One of the highlights of summer is having an abundance of warm,

sunny days that make spending time outdoors more enjoyable. This particular summer, however, has been met with severe thunderstorms, devastating wildfires, and deadly heatwaves, all on top of the ongoing COVID-19 pandemic. Battling such extreme weather conditions can generate feelings of anxiety and bring about a sense of impending doom. The environmental impacts are well reported, but how ecological emergencies affect our mental health often gets overlooked. Today we want to touch on eco-anxiety and how we can look forward to the future!

Did you know?

There is a link between periods of drought and higher suicide rates among farmers.

Symptoms of eco-anxiety

“Eco-anxiety refers to the persistent worries about the future of the Earth and the life it shelters.”

  • Anger or frustration
  • Fatalistic thinking
  • Existential dread
  • Guilt or shame
  • Post-traumatic stress
  • Feelings of depression, anxiety, or panic
  • Grief and sadness
  • Obsessive thoughts
  • Difficulty concentrating
  • Sleeping problems and/or changes to appetite
Did you know?

High temperatures pose a danger to people taking psychiatric medications that affect bodily temperature regulation.

Populations at Greater Risk:

There are certain groups of people who are particularly sensitive to and affected by weather changes, including:

  • Indigenous communities
  • Children, older adults, and people who are pregnant
  • People living with disabilities or chronic health conditions
  • Socioeconomically disadvantaged communities
  • People living in coastal/island regions, dry areas, or other places of geological risk
Wrestling Existential Dread

Make Informed Choices

Being in control of your environmental footprint can counter powerlessness. Help do your part by choosing sustainability over convenience (swap single use materials for reusable, conserve household energy, reduce meat consumption, etc.) but also have compassion for yourself if you are not 100% eco-friendly 100% of the time. There are many larger players who have the power and resources to make responsible changes with significant impact. If you can accept your own actions and recognize the bigger picture, feelings of guilt and shame should alleviate.

Accept professional help

When the experience of anxiety and depression is becoming disruptive to everyday life, it can be helpful to get connected with a mental health professional such as a therapist. Psychotherapists can introduce mindfulness techniques to help cope with intense emotions, change distressing thought patterns though Cognitive Behavioral Therapy, and there are specialists who will integrate environmental awareness into their work through focusing on our relationship to the local environment and encouraging activism and time in nature.

give yourself a break

When you are constantly worrying about the environment, it begins to infiltrate your thoughts and influence your perspective. Reading countless articles and relating every activity to our eco-system is exhausting.  It is okay to disconnect and take a break if you feel yourself pre-occupied with staying informed.  Engage in self-care, play an instrument, hang out with your friends, eat your favourite food, and enjoy the simple pleasures in life!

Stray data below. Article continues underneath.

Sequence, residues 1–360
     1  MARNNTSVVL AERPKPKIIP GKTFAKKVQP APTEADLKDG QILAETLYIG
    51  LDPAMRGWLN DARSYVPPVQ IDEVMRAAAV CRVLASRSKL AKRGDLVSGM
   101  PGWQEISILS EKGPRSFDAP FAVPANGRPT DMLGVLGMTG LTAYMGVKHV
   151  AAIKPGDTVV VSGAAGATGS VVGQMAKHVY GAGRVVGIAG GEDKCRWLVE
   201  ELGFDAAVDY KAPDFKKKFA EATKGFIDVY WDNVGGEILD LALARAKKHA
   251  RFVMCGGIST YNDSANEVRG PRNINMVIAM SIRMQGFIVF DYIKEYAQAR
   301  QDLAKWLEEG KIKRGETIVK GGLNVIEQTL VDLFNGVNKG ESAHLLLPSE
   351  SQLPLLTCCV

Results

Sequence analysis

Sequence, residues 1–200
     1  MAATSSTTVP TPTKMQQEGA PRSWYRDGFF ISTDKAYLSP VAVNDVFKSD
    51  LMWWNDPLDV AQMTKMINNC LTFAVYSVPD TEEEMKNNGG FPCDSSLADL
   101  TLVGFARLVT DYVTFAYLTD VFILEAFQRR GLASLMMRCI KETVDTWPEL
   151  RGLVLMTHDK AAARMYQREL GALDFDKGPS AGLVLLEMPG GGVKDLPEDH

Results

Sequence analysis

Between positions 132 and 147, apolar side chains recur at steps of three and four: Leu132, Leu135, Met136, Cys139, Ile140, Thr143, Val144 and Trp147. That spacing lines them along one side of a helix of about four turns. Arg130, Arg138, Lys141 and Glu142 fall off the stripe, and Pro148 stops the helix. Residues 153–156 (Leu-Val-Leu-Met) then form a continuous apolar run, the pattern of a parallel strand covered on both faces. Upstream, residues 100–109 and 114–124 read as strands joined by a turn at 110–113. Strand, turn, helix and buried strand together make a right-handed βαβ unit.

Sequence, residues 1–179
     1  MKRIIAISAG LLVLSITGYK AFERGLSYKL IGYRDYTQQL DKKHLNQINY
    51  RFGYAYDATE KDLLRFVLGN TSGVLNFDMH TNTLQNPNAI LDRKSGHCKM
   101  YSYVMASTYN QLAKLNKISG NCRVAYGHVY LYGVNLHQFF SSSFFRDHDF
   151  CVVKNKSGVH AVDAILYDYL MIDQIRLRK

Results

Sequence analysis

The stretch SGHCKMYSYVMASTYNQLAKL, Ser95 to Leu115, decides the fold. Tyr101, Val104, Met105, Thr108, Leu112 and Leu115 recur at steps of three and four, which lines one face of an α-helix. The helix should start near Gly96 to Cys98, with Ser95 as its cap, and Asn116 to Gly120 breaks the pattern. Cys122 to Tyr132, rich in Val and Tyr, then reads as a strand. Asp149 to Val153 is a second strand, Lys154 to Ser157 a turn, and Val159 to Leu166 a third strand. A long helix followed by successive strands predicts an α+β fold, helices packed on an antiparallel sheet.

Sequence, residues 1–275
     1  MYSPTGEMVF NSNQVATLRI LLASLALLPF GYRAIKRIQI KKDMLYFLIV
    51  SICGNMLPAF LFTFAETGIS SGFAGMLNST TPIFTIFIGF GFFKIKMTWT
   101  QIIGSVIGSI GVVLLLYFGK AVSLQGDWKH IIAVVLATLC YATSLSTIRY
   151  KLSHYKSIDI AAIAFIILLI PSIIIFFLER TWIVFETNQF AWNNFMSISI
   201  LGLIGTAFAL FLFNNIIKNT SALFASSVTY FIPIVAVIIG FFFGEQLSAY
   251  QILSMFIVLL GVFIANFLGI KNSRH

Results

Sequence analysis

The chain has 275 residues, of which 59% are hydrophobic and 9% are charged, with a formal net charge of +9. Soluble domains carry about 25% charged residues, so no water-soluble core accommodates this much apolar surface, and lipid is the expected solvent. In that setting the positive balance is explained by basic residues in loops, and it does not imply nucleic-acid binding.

connect with community

Joining forces with people who care about the same things as you can make you feel like your contributions matter. Being part of a community can have a positive affect on mental health and provides a sense of belonging and connectedness. The internet can be a great place to find like minded people from anywhere in the world whose unique experiences and cultures may offer advice and ideas you would not find within your hometown.

spend time in nature

Appreciate what we have.  Going on a hike, taking a swim, or visiting a park can remind us of what we love and why we care so much about the resources around us.  It presents the liveliness of our environment and offers healing benefits that bring about a sense of peace.  Expressing gratitude for nature makes for a mindful existence and allows us to enjoy it.
Did you know?

Psychological trauma from a natural disaster is 40 times greater than trauma from a physical injury.

Having optimism for the future

celebrate small wins

Achieving big goals cannot be done without celebrating small wins. Support the local café that made the switch to ethically sourced coffee, applaud your friend who invested in a Brita, and be prepared for the next power outage with flashlights and ready to eat food. For every upsetting article you read, find a positive news source! Climate Joy highlights the progress being made which can be an inspiring source to stay motivated.

have honest conversations

Don’t say you are fine if that is not true. Confide in trusted friends to explore and express your thoughts and feelings. It is important to share with people who can sympathize and once you realize you are not alone there is less fear. Surround yourself with individuals who keep a hopeful mindset for the future and can reframe or take control over situations with a more optimistic, productive approach. 

look for purpose

Recognizing a commitment to a goal or cause beyond yourself makes life worth living. Applying your knowledge to action can feel incredibly liberating. Volunteer at an animal shelter, start a blog, or write to local politicians about bills that concern you. Whether it is a hobby, side gig, or full-time career, turn your passion into something tangible!
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